Published Sep 23, 2020A new study has shown that just over a third of British musicians are considering giving up their careers over the loss of work and financial hardship caused by the coronavirus pandemic.
As the The Guardian reports, the new survey — conducted by the Musicians' Union — reveals the extent of the financial burden on touring artists caused by gathering restrictions, which have made it impossible to work in the live music industry for nearly seven months.
The 34 percent of musicians thinking about abandoning their work is up from the more optimistic 19 percent that were polled back in March. MU's latest results show that almost half of the artists surveyed have now been "forced to look for work outside the music industry," while 70 percent were unable to secure "more than a quarter of their usual work" and 36 percent have no work at all.
"Musicians are working in supermarkets, being Deliveroo drivers, going back to things they trained for early in life," MU General Secretary Horace Trubridge told The Guardian. "Anything but music — that's the problem."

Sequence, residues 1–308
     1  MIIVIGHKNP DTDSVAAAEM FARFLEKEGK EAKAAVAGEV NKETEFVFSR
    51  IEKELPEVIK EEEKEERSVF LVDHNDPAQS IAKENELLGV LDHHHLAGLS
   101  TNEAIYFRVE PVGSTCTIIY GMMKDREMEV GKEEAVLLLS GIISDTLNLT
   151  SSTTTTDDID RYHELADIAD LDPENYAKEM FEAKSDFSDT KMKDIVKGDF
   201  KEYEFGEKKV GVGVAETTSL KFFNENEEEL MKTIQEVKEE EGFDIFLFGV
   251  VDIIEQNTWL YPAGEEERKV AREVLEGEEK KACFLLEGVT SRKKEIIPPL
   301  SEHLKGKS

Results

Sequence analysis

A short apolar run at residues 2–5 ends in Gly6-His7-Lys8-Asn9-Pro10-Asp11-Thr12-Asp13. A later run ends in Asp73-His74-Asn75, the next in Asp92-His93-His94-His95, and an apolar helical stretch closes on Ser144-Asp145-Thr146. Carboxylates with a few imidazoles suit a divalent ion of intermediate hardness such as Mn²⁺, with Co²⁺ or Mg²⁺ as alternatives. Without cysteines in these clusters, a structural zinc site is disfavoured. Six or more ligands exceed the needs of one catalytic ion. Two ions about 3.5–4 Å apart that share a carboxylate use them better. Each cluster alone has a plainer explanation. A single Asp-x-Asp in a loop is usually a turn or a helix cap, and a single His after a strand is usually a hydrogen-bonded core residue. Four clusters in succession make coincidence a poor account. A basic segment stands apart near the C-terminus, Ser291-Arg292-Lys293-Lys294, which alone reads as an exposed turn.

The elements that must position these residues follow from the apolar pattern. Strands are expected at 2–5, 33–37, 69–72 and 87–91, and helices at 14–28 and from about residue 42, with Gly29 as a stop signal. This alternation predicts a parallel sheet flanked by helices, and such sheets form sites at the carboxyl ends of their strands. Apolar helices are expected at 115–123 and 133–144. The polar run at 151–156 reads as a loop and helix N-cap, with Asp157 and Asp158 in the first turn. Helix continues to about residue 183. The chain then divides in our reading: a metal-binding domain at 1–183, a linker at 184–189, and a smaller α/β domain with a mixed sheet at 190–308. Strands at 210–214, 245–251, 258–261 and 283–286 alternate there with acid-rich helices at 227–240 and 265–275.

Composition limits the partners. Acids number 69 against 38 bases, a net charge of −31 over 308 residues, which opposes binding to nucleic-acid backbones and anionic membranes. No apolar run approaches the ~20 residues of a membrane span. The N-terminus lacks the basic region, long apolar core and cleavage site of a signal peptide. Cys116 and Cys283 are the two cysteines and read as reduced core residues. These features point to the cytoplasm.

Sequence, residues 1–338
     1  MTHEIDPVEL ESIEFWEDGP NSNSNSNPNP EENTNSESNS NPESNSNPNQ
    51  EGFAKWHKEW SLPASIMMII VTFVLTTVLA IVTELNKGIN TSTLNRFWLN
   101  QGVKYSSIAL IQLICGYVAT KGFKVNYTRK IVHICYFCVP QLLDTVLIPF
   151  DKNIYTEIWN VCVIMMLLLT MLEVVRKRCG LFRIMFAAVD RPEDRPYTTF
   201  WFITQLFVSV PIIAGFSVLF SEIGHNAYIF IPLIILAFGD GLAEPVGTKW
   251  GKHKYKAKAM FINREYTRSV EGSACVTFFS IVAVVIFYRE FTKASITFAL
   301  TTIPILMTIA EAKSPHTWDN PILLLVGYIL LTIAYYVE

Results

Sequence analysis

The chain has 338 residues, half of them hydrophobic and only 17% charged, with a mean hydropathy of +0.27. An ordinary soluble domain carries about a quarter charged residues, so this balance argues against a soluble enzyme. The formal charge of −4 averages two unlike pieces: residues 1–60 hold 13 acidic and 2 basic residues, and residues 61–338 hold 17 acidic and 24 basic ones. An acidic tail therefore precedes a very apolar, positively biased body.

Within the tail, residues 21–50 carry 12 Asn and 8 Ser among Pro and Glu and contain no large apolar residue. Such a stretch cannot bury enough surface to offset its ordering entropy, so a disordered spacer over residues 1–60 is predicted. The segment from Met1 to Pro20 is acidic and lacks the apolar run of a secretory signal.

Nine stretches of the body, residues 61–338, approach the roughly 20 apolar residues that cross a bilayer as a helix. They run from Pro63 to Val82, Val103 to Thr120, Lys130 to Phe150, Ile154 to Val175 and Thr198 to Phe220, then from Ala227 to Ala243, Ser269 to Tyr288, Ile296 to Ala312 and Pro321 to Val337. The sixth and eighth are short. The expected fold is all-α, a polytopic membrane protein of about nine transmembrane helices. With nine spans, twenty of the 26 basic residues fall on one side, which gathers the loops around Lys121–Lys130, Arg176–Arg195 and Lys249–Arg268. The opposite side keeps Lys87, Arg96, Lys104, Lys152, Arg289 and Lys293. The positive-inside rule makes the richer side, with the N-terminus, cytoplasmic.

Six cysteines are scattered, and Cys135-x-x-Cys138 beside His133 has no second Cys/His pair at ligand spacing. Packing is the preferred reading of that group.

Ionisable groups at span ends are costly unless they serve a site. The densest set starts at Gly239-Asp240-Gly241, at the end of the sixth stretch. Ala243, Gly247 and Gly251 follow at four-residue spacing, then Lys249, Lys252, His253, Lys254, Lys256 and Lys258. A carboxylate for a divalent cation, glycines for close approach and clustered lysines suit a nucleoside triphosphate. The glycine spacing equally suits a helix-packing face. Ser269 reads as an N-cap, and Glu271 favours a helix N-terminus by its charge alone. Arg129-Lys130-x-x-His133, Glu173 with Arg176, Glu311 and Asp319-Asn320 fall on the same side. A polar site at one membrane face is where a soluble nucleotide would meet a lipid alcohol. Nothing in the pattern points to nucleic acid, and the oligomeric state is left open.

The MU and 88 percent of musicians polled say the government hasn't done enough to support musicians during lockdown, citing poor job retention plans; a whopping 87 percent of musicians surveyed will be earning less than £20,000 (about $34,000 CAD) this year, bringing home £9,600 ($16,000 CAD) less than the national average.
While the government rolled out a £1.57 billion relief package for the arts, individual artists were not included in the initiative.
The survey's conductors are urging people to write to government officials to send aid to underemployed artists.
"They have the power to make representations to Government on your behalf, asking questions of key decision-makers and making sure your experiences are considered in decision-making processes," their plea reads.